In summary, for now we can know only that we should avoid CA spinach until otherwise given the all clear. Continue to buy from local sources and, if we don’t know the source, we can cook it thoroughly to be safe. Oh, and continue to wash all greens, fruits and vegetables thoroughly whether cooking or eating raw.

Fresh Spinach Filling for Crepes (Florentine) For Florentine filling:
1 TBS shallots, minced
1 TBS garlic minced
4 bunches fresh spinach, cleaned, chopped
2 TB salted butter
2 oz. heavy cream, reduced by half
TT sea salt, ground pepper, ground coriander
TT Pernod
2 TBS Panko bread crumbs
2 tsp tarragon, chopped
Method Heat EVOO in sauté pan; add shallots and garlic; sauté until aromatic and slightly translucent. Add spinach and cook until it’s tender. Add butter and cream and season with spices. Add Pernod and cook for 10 more seconds; adjust consistency with bread crumbs and finish with tarragon. Place into oven proof dish and finish cooking in 350 degree oven for about 20 min or until to 160 degrees F. Fill crepes.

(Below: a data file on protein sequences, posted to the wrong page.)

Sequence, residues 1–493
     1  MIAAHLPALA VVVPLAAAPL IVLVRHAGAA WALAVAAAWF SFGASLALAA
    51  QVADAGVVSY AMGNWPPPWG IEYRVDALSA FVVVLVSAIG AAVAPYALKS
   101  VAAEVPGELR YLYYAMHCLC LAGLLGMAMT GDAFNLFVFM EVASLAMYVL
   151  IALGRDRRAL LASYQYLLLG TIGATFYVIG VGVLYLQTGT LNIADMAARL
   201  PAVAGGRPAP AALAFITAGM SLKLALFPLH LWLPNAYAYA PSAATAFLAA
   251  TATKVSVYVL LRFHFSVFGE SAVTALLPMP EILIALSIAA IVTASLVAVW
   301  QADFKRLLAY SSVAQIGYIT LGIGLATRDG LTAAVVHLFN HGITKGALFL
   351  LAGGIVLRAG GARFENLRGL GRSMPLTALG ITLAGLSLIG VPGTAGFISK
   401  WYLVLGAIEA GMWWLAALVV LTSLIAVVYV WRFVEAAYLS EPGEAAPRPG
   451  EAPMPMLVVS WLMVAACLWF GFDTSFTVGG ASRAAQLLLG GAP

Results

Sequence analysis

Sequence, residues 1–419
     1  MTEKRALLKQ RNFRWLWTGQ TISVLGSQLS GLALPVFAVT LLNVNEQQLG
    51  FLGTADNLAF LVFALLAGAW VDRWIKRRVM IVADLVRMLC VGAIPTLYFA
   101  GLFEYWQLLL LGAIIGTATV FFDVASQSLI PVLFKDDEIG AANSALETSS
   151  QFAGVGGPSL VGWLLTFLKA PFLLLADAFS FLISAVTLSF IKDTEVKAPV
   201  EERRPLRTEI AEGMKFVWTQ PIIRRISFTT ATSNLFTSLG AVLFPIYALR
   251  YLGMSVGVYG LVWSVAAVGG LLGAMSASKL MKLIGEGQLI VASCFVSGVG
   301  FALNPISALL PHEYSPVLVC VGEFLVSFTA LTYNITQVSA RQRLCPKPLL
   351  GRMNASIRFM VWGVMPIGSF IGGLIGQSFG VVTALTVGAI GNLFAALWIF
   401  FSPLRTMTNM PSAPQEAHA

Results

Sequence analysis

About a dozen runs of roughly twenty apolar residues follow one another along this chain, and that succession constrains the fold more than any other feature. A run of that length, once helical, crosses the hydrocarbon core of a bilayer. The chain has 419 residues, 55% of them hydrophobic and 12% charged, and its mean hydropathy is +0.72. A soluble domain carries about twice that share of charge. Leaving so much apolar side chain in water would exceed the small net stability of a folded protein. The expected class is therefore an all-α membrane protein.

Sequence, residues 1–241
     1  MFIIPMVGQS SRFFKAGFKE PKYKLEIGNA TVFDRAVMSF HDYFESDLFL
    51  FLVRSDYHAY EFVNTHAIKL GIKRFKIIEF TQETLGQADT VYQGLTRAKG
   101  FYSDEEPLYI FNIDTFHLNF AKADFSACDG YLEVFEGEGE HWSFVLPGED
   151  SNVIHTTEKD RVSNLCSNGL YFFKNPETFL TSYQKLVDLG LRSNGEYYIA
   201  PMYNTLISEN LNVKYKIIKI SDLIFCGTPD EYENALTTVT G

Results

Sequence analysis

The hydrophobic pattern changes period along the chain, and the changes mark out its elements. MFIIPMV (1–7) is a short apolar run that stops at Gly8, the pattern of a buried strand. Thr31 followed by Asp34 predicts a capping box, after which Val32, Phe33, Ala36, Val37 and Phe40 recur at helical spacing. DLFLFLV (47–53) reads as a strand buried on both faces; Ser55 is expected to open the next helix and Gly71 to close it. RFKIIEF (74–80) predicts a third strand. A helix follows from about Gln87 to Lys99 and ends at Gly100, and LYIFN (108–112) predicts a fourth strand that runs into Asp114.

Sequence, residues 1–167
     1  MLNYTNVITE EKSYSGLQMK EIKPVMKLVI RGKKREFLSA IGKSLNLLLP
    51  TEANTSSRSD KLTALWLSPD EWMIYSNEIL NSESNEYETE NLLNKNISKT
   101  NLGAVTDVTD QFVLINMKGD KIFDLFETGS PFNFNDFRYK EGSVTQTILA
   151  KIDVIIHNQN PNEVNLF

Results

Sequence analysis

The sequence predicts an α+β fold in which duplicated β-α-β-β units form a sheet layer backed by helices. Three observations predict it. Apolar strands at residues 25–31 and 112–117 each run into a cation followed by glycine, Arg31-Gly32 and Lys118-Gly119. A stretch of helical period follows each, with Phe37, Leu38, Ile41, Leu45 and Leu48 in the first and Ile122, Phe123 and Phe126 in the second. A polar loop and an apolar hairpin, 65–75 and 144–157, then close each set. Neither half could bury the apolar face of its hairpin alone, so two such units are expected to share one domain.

Whole Wheat Crepes
½ cup whole wheat flour pastry flour
½ cup AP flour
¼ tsp salt
3 large eggs
½ cup milk
2 tsp EVOO
½ c seltzer water or club soda Method Combine in a blender or food processor until smooth. Transfer to bowl, cover and refrigerate 30 min or overnight. At service, slowly whisk seltzer water or club soda into batter. Heat small nonstick skillet; lightly oil surface with cloth or paper towel dipped into oil, and ladle 2 TBS batter into skillet—tilting and rotating the pan to spread the batter evenly over bottom. Cook until lightly browned—30 seconds. Using small spatula, lift the edge and flip the crepe over. Cook second side about 20 more seconds. Slide onto plate.